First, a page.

As winter’s arrival is forecasted in the muted grays and browns of the landscape, residents may feel split about whether they feel the scene is bleak or beautiful. However, for Rachel Alexandrou, scientific illustrator, wreath maker, and local forager, each season presents its own opportunity for nourishment, both for the stomach and the soul.
Alexandrou, a Waldoboro resident who grew up in Wiscasset on Federal Street, enjoyed the amenities living close to a downtown waterfront area afforded.
“Wiscasset was fun, and I could walk downtown to look at the sunken ships and buy treats at Treats,” she said.
However, Alexandrou’s acumen for identifying local flora was something she didn’t develop until she and her family moved to Alna. Alexandrou, who was a young teen at the time of the move, suddenly had the storefronts of Wiscasset replaced with the plants of Alna.
“That was hard because then I didn’t really have anywhere to go anymore walking wise,” Alexandrou said.
Her walks in Alna came out of necessity in the face of boredom and depression, but in this new landscape there was a bright spot: foraging.
“I found foraging because I guess I hadn’t much else to do, and so, on my walks I started to look at the stuff I found,” Alexandrou said.
Alexandrou, who has always worked in gardens, said she walked Dock Road most frequently.
“I remember going to the banks of the Sheepscot River,” Alexandrou said. “Every year I would go and learn more about the banks.”
Alexandrou attended the Maine School of Science and Mathematics before attending Hampshire College in Massachusetts. She finished her horticulture degree at the University of Maine with a minor in studio art in 2018.
During her time at the University of Maine, she worked as an artist in residence at the Damariscotta River Association, where she led drawing workshops for children ages 5-11, teaching them the identifying features of local flora and how to draw them. The DRA would later merge with the Pemaquid Watershed Association to create Coastal Rivers Conservation Trust.
By 2020, Alexandrou had published works such as “Emotional Foraging: Recipes for Every Apocalypse” and “Foraged Feasts” and had selected artwork and chapter illustrations of her work printed in “The New Farmer’s Almanac” in its 2015 and 2018 editions.
Alexandrou has also received numerous grants and residencies for her art, foraging, and gardening, such as two project grants from the Maine Arts Commission in 2020 and 2021 and gardener in residence at the Joseph A. Fiore Center in Jefferson in 2018.
For all of Alexandrou’s plant-related endeavors, she works under the business moniker “Giantdaughter.”
The name is from a character she came up with when she was 22 and used to draw as a way to cope with her anxiety.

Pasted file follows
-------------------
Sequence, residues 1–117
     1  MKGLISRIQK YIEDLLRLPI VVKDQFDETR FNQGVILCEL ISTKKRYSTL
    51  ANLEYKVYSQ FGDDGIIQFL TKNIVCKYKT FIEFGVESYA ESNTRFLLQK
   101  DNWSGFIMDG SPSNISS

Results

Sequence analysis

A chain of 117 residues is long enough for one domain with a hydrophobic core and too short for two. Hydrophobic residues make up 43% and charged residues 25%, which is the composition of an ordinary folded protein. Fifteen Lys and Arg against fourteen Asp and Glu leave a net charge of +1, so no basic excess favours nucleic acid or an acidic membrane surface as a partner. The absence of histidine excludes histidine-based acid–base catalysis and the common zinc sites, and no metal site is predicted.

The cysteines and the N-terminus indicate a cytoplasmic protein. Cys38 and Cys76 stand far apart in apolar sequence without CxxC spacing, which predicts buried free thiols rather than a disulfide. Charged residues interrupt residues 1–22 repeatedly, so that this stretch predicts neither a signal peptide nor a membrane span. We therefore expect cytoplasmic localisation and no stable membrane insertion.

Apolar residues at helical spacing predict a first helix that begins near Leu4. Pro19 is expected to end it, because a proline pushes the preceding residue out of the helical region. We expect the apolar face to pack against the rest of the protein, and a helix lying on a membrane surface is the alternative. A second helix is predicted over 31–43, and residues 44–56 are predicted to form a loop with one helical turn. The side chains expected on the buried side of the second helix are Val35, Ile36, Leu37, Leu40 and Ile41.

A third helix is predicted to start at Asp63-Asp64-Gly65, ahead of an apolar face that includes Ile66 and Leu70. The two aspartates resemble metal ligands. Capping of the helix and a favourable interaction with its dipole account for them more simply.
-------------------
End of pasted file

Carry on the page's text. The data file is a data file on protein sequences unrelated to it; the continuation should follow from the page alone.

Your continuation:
“I had a lot of anxiety, like the type of anxiety where you think you’re having a heart attack,” Alexandrou said. “So, I made up this character in my notebook, and I drew it like a comic about myself and I called her ‘Giantdaughter,’ and how she was plagued by anxiety, and somehow that helped.”
When it came time to find a name for her plant related business ventures, Giantdaughter seemed like the best fit, symbolic of how her love for plants helped ease her anxiety.
“I still I have anxiety, but I think all the foraging and the plants are a way I can handle and deal with life, and be happy,” she said.
Alexandrou believes there are likely other foragers in Lincoln County, but what she does is multifaceted with teaching and making art.
Alexandrou, from spring to fall, hosts plant identification walks throughout the state, putting together what she calls foraged feasts that she’s cooked from foods she’s harvested throughout the year.
These feasts, she believes, are an intersection of art and food.
“These feasts are walking feasts where people get to walk from table to table, each exemplifying an ecosystem from which the food was foraged,” she said.
While foraging is a mainstay passion for Alexandrou, it also manifests as an art adorning the walls.
Alexandrou is a popular wreath maker, putting together around 200 this season in her Rockland-based studio, and sells them at different locations up and down the Maine coast.
In Lincoln County the wreaths can be found in limited supply at The Waldoboro Inn, Treats in Wiscasset, The Alna Store, and The Good Supply in Bristol.
“It’s really made this time of year special,” she said.
Like the flora along the paths of Alna, Alexandrou found teaching and art naturally, and in the last few years has leaned into both, hosting wreath making workshops and foraging classes.
“It’s really important to learn the landscape. I can’t imagine the world not knowing what the plants are doing,” Alexandrou said.
Alexandrou said that spending time with the landscapes of Maine has taught her many lessons, but one of her favorites being about change.
“Change is natural,” Alexandrou said. “Being with and around plants of every season has made me less afraid of change.”
Alexandrou, like the seasons, is always in motion, and when she finds moments of downtime she likes to clear her head on the open road.
“I love driving, it’s a real sense of freedom and I can think clearly,” she said. “I love motion, I love being in motion, it’s almost meditative, and also, I get to see more plants.”
For more information about Alexandrou’s upcoming workshops, available wreaths, exhibitions, and other projects, find her on Instagram or go to giantdaughter.com.
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